A Canadian reader alerted me that there’s a hearing scheduled in a Canadian court tomorrow (Monday) that will likely be of interest to this blog’s readers.
Copyright lawyer Harold Knopf provided the background on the case, in which Voltage Pictures’ filed a motion to compel an ISP, Teksavvy, to disclose the names and addresses of 2,000 subscribers who are currently identified only by IP address. The lawsuit is based on P2P filesharing via BitTorrent, and Voltage’s claim states that once it has obtained the Doe defendants’ names and addresses, it will seek a financial accounting of how much they profited by distribution of their works. Because most people are seeding but not actually obtaining direct financial remuneration, I’m not clear where Voltage is going with this, unless they intend to argue that someone who seeds X movies Y times owes them $$$ based on a per movie cost?
Disturbingly, to privacy advocates, subscribers, and Howard, the ISP decided not to fight the motion. Knopf wrote:
Although Teksavvy has indicated that it “will not provide personal information to a 3rd party when copyright infringement is alleged unless ordered to do so by a court”, it has, however, decided in the end not to oppose the motion seeking such an order. It has decided not to cross-examine on Voltage’s affidavit material and not to file any written material.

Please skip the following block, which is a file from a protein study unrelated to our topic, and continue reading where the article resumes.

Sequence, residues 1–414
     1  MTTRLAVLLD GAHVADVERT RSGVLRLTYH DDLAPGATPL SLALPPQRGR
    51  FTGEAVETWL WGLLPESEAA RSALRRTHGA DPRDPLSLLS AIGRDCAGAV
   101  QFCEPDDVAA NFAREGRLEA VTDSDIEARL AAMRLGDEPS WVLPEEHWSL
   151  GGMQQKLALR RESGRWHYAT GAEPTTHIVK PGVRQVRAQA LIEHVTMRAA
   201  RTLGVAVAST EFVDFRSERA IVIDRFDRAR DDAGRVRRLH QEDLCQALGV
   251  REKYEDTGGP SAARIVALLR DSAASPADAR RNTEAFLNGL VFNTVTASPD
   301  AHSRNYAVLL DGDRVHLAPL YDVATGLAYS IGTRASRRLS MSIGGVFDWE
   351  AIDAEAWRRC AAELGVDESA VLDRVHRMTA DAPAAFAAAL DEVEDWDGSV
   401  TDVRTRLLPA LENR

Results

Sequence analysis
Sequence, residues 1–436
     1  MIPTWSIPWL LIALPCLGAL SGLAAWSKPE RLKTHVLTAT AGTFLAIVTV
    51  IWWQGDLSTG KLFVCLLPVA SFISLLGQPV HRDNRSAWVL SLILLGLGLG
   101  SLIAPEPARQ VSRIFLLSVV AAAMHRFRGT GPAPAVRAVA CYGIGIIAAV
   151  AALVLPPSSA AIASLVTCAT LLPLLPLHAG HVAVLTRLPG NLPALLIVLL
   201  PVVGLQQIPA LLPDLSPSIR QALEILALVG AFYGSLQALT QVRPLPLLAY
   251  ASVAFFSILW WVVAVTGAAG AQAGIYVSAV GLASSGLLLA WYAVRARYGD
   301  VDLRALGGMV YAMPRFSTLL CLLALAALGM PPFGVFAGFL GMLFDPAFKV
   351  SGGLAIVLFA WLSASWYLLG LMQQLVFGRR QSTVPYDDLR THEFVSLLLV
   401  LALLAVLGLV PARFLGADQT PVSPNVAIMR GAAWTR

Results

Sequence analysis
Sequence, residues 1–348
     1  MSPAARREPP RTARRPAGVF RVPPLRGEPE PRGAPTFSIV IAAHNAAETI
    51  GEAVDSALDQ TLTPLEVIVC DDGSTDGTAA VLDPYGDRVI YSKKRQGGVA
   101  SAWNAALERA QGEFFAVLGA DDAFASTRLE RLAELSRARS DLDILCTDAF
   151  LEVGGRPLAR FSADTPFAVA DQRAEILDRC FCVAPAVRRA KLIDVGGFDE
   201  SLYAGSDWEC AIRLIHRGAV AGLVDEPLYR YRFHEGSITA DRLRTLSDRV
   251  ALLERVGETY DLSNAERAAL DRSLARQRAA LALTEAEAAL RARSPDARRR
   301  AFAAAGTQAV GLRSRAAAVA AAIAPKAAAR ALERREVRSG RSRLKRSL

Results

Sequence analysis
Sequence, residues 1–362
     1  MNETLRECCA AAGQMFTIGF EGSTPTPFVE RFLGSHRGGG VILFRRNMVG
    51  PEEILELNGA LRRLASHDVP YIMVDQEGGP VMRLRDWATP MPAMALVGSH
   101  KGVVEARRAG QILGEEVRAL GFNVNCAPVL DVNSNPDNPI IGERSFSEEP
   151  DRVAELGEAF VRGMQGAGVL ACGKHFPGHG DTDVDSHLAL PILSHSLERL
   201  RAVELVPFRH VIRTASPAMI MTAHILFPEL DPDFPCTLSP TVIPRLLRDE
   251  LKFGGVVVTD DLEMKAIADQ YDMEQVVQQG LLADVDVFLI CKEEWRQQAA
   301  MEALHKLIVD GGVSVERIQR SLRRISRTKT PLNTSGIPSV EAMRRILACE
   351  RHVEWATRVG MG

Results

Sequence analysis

Teksavvy explained their decision not to oppose in a blog post, but their explanation disappointed those who hoped for a more vigorous defense of subscriber privacy. The firm did fight for more time to notify consumers so that they could move to quash, which is something that Twitter has often done here in the U.S. But despite a defense by subscriber David Ellis, most opinion seems to be running against the ISP’s decision.
As Knopf also noted last month, CIPPIC requested permission from the court to intervene in the case.
In an update today in anticipation of tomorrow’s hearing, Knopf responds to Ellis’s defense. His first statement really says all that needs to be said:
There isn’t much difference between not opposing and supporting a motion. Whatever the difference is, it really doesn’t normally matter for practical purposes. A motion that is not opposed will usually be granted.
But perhaps Howard’s strongest statement is contained in a blog post he wrote Friday, where he wrote, in part:
Generally speaking, the real issue now is under what circumstances, if any, an ISP is expected or maybe even required to take reasonable steps to safeguard its customers’ privacy. If an ISP can successfully and inexpensively oppose an inadequately documented attempt to breach its customers’ privacy, then why should it be able to walk away and leave its customers on their own and just tell them they can hire their own lawyers? It’s the ISP’s duty under the PIPEDA federal privacy legislation to protect its customers’ privacy. That presumably does not mean simply telling them that their privacy is about to breached, that they are on their own and are free to get a second mortgage and hire their own lawyer.
So has Teksavvy done enough to protect its subscribers’ privacy? We’ve certainly seen U.S. ISP’s simply notify users without fighting motions or subpoenas, but does Canada’s PIPEDA impose more stringent obligations on Canadian ISPs?